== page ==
This was the week for cataclysmic predictions from equity analysts. CNBC was rolling out analysts telling folks to “sell everything.” Investors should take note of periods of heightened volatility, like we have seen over the last few weeks, and take the opportunity to review their overall investment strategy, current holdings, and make adjustments where it seems prudent. But, chances are, now is not the time to dump everything and head for the hills. Events that require you to “sell everything” happen once in a generation or longer — what market mavens call Black Swan events. Black Swan events are so far out on the tails of the probability distribution that, for all intents and purposes, they are completely ignored by investment managers.
Still, periods of equity market volatility, like we have seen so far this year, do sometimes precede turning points in the economy, or in economic policy. So is this just another market swoon, or is it a Black Swan? While I remain concerned about the economic, financial, and policy events transpiring over in China, I am inclined to conclude this is just another market swoon here in the United States.
The U.S. equity market volatility continued this week. Global equity markets remain on edge. The VIX index, a measure of stock market volatility, remains elevated at around 28.5. A more normal range for the VIX is somewhere between 15 and 20. Still, the VIX is nowhere near the levels seen last August, when China surprisingly devalued the yuan, or during the depths of the Great Recession, or even earlier in this expansion in 2011, when the VIX spiked all the way up to 48.0 for a time.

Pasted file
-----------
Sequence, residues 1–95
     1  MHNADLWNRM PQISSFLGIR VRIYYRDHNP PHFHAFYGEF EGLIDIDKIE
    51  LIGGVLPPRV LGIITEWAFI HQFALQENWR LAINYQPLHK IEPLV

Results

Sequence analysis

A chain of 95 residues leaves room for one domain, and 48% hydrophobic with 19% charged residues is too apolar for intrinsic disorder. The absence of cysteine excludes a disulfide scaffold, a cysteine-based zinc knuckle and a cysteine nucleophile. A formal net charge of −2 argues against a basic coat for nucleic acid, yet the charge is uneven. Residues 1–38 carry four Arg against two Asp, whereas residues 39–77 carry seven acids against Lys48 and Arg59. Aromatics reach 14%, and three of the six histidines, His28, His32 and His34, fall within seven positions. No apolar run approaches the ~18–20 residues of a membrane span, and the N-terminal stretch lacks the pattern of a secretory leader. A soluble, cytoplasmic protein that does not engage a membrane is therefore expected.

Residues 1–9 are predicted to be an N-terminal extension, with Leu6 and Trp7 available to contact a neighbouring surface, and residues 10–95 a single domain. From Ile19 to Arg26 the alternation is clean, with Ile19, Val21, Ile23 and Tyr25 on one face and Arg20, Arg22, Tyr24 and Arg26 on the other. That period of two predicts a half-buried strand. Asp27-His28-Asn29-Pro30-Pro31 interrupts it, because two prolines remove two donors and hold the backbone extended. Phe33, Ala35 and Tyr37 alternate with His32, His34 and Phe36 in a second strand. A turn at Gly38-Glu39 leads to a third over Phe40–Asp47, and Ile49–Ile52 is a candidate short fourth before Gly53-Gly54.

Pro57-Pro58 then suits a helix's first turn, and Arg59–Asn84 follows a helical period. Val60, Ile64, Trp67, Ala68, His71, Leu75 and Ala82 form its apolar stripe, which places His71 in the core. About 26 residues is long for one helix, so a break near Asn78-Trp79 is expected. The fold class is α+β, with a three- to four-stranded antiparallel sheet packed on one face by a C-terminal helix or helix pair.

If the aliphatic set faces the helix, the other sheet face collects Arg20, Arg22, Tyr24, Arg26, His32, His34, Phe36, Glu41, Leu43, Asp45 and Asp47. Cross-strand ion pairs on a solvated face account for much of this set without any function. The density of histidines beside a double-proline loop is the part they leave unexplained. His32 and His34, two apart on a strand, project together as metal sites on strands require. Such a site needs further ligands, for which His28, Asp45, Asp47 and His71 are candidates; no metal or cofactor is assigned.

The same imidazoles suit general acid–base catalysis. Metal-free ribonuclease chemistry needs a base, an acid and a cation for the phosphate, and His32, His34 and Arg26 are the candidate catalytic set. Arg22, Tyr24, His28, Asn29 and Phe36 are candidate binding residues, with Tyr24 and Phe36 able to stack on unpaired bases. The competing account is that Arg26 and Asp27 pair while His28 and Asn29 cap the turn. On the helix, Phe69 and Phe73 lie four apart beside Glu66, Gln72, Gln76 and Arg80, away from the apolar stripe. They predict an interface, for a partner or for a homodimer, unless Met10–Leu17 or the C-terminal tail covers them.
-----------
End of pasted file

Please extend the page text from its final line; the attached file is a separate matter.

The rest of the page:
Over a longer time frame, the current equity volatility barely merits an honorable mention in the eyes of the VIX. But blaring headlines of impending recession and “sell everything” makes for better ratings and sells more newspapers.
What should be of greater interest to longer-term investors than the daily gyrations of the market is what fundamental drivers might be behind the recent sell-off. It appears to be fears of a China economic hard landing and devaluations leading to a full-blown global recession that could pull the U.S. economy down as well.
Economic data in the Eurozone and Japan are generally outperforming economist expectations. True, emerging market economic indicators have turned more negative over the past month, but it’s the U.S. economic data that has missed the mark by the widest margin. While this global economic picture isn’t very flattering, it’s also not a global economic doomsday, either. The truth is somewhere in between — a mixed and messy picture.
To find out more, check out this week’s US Outlook Report.